In early October FIDE Executive Director Victor Bologan paid a visit to Serbia to meet with Serbian sport and education officials.
The first meeting was held at the Serbian Ministry of Youth and Sports, where he met with Mr. Predrag Peruničić, the Deputy Minister and a former world-class handball player. Among the key agenda points discussed at the meeting were the current state of chess in Serbia, its ability to host major chess events, and the possibilities of attracting funding and support for the Serbian Chess Federation.
The next stop on Mr. Bologan’s busy schedule was the Institute for Education and Upbringing, where he was greeted by the Institute’s Director Zlatko Grušanović and his associates. Thirteen years ago the Institute played a pivotal role in introducing chess as an optional subject into the official primary school curriculum, spearheading the preparation and implementation of the entire project. The main topic of discussion was the current state of affairs in the education system of Serbia, its ongoing reforms and the status of chess therein. The Institute is currently in the process of forming a committee that will be in charge of creating the new chess curriculum, as well as the teacher training program.
A working dinner ensued with representatives of the Serbian Chess Federation, where SCF President Dušan Cogoljević briefly informed Mr. Bologan of the future plans, stating that the main objective was to bring Serbian chess back on the world map by improving the national teams’ results and hosting major chess events.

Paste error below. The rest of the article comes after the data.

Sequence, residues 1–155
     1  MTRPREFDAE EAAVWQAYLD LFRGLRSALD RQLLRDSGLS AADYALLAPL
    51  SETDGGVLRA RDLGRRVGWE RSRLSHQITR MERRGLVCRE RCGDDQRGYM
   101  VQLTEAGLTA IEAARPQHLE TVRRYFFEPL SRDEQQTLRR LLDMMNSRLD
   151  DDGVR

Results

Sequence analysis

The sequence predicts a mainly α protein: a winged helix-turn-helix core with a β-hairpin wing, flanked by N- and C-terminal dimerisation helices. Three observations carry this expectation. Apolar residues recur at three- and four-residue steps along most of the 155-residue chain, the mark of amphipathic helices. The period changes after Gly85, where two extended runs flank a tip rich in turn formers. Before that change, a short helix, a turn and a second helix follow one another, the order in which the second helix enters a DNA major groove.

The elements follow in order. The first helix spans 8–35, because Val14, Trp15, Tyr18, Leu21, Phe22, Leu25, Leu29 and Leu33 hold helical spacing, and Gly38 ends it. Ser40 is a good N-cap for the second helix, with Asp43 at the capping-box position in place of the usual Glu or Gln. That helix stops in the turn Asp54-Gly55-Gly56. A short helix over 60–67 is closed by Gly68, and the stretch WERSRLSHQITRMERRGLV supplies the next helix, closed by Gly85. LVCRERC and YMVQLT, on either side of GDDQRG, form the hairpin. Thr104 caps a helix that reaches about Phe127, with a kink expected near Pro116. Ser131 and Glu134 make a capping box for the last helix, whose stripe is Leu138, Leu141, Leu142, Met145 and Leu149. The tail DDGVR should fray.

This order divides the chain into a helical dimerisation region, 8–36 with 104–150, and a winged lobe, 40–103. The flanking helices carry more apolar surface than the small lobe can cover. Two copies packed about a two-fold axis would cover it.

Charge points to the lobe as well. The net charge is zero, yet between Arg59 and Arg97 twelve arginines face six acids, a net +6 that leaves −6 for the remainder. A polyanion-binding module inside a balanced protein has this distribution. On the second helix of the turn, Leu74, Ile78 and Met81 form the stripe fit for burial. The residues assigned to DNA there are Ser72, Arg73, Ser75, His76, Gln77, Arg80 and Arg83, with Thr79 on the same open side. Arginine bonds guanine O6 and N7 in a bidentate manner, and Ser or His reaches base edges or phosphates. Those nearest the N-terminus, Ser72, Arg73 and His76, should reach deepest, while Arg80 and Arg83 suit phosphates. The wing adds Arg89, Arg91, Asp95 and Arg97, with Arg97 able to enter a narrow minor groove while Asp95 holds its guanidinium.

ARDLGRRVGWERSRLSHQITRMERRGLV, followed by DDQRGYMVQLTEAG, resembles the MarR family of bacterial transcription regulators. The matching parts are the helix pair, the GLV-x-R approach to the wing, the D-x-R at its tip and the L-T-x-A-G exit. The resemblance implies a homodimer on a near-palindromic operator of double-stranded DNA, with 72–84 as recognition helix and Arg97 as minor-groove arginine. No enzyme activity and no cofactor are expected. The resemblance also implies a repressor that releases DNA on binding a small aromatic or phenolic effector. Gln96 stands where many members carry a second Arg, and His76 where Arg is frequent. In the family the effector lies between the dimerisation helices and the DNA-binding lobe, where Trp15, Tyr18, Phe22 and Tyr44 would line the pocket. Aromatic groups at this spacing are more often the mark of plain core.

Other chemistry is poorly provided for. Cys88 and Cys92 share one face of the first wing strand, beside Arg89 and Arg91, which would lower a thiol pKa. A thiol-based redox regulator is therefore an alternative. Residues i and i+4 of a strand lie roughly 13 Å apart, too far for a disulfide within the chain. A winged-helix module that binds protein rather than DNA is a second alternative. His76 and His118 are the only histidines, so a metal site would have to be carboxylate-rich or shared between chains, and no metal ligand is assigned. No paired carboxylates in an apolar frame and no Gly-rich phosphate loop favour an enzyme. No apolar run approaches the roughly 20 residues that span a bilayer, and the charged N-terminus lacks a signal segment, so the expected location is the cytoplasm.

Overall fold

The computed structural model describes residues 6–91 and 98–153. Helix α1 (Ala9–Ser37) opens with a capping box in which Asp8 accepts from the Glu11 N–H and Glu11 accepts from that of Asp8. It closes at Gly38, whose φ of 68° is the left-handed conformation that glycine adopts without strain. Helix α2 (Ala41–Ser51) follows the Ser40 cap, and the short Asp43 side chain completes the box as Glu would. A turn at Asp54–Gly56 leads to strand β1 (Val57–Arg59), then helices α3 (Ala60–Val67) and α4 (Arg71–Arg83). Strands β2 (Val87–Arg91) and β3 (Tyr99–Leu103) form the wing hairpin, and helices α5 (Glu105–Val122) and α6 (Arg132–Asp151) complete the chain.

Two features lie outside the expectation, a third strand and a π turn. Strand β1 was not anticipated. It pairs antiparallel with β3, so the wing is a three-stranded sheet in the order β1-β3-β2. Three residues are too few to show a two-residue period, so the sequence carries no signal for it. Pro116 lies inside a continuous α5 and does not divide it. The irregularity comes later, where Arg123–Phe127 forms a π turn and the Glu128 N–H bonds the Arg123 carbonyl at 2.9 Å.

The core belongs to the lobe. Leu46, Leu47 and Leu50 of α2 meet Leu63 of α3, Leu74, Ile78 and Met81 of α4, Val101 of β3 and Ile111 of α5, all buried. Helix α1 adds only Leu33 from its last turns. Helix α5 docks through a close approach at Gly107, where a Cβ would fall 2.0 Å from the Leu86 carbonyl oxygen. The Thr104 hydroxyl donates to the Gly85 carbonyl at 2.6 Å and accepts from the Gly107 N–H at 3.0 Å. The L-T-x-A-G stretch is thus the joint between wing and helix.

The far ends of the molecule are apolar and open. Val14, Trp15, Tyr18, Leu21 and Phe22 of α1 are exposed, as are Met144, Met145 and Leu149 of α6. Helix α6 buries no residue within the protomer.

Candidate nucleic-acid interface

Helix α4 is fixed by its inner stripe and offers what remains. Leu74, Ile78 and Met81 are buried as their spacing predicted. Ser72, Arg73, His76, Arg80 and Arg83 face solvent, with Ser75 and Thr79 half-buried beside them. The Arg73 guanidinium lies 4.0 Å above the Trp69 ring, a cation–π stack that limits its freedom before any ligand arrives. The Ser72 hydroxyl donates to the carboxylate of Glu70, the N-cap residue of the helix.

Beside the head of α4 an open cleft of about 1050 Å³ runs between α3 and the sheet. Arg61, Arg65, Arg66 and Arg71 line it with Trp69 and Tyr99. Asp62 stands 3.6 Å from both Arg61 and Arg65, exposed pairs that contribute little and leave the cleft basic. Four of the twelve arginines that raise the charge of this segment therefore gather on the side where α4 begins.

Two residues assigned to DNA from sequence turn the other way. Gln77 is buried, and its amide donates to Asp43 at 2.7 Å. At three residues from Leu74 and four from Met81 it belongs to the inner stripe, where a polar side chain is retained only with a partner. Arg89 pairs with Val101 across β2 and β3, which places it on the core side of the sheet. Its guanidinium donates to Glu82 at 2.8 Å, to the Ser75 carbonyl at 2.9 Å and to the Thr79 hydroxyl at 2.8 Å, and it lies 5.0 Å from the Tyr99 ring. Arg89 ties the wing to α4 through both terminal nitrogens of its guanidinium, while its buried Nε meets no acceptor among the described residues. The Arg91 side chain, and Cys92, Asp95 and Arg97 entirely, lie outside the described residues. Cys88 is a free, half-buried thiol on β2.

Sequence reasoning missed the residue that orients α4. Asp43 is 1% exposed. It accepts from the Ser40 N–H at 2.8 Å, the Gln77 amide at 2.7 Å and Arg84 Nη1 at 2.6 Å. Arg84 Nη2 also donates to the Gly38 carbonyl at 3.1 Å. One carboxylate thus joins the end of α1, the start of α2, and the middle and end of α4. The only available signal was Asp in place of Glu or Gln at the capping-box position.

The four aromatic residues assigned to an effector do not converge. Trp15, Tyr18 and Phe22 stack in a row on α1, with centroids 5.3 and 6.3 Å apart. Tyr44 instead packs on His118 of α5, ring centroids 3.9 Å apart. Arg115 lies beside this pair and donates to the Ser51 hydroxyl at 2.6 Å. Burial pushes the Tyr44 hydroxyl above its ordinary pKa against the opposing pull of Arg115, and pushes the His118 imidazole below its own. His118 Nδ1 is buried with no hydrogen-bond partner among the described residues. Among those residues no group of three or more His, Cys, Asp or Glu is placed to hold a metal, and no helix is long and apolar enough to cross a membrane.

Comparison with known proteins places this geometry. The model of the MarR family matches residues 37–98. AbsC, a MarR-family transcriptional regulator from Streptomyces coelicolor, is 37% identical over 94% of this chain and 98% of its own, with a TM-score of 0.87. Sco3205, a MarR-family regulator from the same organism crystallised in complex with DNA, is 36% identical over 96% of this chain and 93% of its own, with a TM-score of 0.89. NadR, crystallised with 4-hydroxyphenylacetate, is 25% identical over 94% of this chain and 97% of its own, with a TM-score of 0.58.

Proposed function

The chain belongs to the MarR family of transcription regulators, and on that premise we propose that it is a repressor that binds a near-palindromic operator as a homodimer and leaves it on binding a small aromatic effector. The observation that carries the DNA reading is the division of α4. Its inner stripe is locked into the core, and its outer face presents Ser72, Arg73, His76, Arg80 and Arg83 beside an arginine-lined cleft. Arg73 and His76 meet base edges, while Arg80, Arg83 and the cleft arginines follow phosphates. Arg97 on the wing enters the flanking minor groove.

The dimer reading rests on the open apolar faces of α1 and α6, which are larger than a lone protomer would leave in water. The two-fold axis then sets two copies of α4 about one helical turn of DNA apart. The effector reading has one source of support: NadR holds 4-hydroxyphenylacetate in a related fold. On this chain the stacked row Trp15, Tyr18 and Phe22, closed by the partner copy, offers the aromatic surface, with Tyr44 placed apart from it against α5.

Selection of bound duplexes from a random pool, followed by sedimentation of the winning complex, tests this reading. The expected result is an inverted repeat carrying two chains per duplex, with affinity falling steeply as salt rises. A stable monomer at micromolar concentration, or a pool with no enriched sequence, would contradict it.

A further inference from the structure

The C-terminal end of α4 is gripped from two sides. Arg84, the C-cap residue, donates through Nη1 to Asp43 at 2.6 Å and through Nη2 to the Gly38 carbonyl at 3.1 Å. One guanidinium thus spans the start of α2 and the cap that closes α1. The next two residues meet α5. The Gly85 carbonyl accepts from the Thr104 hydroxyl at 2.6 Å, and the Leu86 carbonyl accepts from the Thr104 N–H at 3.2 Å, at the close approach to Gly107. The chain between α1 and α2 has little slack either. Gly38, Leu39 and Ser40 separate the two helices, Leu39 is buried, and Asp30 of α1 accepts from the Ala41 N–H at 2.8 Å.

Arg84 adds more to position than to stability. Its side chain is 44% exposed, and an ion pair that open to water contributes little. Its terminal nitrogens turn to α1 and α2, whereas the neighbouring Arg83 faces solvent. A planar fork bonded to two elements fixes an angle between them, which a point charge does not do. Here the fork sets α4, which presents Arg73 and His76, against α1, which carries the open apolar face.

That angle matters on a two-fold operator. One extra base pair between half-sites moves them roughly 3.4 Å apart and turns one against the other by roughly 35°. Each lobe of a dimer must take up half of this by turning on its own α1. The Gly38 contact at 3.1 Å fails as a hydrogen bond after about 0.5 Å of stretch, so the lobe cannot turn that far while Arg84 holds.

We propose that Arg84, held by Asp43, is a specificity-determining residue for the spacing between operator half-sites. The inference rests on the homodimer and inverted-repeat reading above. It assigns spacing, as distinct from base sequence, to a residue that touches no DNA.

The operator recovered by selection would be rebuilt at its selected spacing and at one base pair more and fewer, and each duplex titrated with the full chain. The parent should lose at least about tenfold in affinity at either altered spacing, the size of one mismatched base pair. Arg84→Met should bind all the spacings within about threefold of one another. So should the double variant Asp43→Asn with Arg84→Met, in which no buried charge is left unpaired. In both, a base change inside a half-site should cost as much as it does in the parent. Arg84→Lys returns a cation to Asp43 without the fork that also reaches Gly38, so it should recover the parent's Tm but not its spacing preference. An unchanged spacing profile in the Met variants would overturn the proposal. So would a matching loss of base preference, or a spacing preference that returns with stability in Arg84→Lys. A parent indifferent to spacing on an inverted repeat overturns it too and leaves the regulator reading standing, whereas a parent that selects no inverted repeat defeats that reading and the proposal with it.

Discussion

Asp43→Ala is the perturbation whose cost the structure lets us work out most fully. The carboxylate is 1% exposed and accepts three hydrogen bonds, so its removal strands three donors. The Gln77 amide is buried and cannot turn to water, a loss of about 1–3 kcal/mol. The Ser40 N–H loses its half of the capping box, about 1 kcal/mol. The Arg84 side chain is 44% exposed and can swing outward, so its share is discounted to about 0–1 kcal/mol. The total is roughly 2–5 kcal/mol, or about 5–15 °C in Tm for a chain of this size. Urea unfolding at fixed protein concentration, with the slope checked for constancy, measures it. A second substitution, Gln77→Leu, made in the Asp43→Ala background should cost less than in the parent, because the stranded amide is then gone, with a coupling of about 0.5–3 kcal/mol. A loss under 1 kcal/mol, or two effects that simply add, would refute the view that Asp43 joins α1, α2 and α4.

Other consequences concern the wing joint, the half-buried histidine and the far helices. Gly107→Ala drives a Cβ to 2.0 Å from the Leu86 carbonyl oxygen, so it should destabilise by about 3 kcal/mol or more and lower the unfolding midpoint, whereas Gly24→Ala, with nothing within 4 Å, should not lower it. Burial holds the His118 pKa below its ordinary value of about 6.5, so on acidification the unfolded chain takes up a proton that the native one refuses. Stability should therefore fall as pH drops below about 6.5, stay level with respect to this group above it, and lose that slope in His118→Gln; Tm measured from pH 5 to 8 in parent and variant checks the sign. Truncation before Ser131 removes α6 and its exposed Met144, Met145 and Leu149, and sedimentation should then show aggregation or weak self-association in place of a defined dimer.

Another meeting took place on the next day, this time at the Ministry of Education, Science and Technological Development. The Deputy Minister Milan Pašić expressed his satisfaction with the support Serbia enjoys both from FIDE and the national authorities. The Ministry promised to provide its share of resources - a meeting of their representatives and the Institute for Education and Upbringing’s expert team is scheduled for the upcoming week, with the main goal to start working on the new chess curriculum.
Serbian TV made a short report about Mr. Bologan’s visit and those meetings, which was shown in a morning show.
It is no secret that people truly love chess in Serbia, missing all the elite level chess events that took place in Serbia and Belgrade many years ago. The general sentiment is that if someone follows in the footsteps of Gligorić, Matanović, Ivkov, Ljubojević, Milunka Lazarević, Vera Nedeljković and Alisa Marić he or she will enjoy great deal support from Serbian fans as a new hope and a harbinger of the renaissance of national chess.